Datapath Analysis and First Principles

Replacing FMEA with Datapath Analysis for IP Designs (WP545)

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To answer the question regarding random hardware failure rates, AMD products need to be analyzed for random hardware failure susceptibility and hardware failure rates. For components to qualify for functional safety application, there is a requirement for the system to detect a failure. This detection method can be implemented by the system integrator (for example, using a redundant device) or can be implemented in the device (for example, parity) by designers. The system integrator (customer) is required to analyze the quality of the diagnostic elements with respect to their ability to detect and report a fault.

For business reasons, integrating diagnostics on chip and the associated analysis provides value to customers. This value and the associated analysis drives datapath analysis. For the most part, AMD products are designed to cover multiple use cases or out of context. In all applications, their intended use case is processing data either by hardware implemented datapaths or by using instructions to drive CPUs to process data and make decisions. The key to datapath analysis is understanding that data processing can be broken down into these four actions or first principles:

  • Data transformation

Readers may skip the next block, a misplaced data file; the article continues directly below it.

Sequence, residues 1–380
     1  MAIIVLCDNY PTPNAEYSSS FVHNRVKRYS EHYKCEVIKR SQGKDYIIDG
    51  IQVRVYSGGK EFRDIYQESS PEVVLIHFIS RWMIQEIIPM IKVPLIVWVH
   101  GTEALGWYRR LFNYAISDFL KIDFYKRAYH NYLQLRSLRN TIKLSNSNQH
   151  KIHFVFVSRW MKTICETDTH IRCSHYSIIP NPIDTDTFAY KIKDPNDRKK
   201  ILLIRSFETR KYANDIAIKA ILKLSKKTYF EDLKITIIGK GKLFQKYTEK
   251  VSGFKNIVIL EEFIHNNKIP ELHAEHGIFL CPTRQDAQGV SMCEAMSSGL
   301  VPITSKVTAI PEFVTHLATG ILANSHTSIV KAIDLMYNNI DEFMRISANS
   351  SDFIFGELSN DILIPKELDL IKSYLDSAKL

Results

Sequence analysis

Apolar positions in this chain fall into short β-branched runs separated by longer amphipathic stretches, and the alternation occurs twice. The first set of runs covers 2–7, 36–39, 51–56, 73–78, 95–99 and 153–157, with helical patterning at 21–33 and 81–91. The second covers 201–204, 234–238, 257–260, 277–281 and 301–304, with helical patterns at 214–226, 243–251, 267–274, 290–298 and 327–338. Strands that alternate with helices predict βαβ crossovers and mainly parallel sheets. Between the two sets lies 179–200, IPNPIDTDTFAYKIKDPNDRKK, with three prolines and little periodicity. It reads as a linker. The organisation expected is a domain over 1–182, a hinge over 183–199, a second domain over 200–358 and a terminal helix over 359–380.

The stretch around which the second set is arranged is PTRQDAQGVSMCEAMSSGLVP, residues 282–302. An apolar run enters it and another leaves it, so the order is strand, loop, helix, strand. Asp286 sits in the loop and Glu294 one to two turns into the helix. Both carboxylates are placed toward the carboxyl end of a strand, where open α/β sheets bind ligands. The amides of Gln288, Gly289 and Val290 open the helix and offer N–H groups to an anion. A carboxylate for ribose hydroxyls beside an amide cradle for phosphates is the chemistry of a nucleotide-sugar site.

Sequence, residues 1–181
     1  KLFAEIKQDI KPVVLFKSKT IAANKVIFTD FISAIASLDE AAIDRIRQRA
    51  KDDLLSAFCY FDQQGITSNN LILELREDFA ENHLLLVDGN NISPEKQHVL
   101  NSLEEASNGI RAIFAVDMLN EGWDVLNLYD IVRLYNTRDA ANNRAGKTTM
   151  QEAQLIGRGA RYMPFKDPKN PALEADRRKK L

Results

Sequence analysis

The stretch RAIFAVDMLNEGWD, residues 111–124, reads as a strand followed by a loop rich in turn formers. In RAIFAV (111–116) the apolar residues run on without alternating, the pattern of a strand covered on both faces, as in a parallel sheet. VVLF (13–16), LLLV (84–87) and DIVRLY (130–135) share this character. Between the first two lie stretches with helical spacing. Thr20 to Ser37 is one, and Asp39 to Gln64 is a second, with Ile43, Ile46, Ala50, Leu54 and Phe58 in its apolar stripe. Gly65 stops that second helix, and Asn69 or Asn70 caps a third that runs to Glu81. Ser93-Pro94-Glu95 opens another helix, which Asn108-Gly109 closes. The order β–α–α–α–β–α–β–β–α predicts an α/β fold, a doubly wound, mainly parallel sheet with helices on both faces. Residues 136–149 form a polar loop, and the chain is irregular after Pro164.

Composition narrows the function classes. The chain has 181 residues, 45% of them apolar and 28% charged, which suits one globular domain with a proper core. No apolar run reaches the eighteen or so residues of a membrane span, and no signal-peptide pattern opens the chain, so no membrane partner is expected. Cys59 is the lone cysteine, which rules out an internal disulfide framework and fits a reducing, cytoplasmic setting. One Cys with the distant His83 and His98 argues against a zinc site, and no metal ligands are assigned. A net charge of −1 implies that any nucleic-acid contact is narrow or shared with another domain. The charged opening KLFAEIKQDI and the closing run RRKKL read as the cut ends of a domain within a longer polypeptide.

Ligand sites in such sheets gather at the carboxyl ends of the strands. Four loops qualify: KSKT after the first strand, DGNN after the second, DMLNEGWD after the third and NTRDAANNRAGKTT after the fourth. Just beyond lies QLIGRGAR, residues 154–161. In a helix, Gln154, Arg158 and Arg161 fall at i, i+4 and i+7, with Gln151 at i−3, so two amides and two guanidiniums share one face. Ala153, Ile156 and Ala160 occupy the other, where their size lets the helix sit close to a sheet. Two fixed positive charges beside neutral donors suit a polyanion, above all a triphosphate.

• Data analysis
  • Data transportation
  • Data storage

The IP designer uses these four first principles to determine what diagnostic is required to detect unintended or dangerous operation of the component for functional safety applications.

In the case of data transformation or data analysis (for example, a floating-point operation fails or a compare zero fails), if the failure modes are transient in nature, then temporal diversity, that is, executing the operation twice using the same hardware and comparing the results, provides acceptable diagnostic coverage. If the failure modes are permanent in nature, then redundancy or executing the same operation using different hardware and comparing the result, is the required diagnostic.

In the case of data transportation where a data packet is corrupted when moving from one location to another, for both transient and permanent failure modes, check bits are used to validate the data packet. There are numerous check bit techniques from cyclic redundancy check to forward error correction where the error in a data packet can be detected and, in some cases, corrected.

In the case of data storage where data is at rest, devices holding data are exposed to single event upsets for a much longer period of time. This exposure is a unique problem in data processing. For both transient and permanent errors check, bits are used to validate the correct address of that data and sometimes to correct the stored data. For transient errors, patrolling data (reading, correcting, and updating) is used to mitigate error accumulation.

Datapath analysis is valuable because the designer does not need to have in-depth knowledge of the functional safety standard to generate the required dataset used by the system integrator. The focus of the designer moves from concerns regarding standards implementation issues to functional design plus diagnostic coverage.

This systematic approach is used to break down a design into a set of elements (buses and functions), based on the first principles, which follows the flow of data from top down recursively through a hierarchy.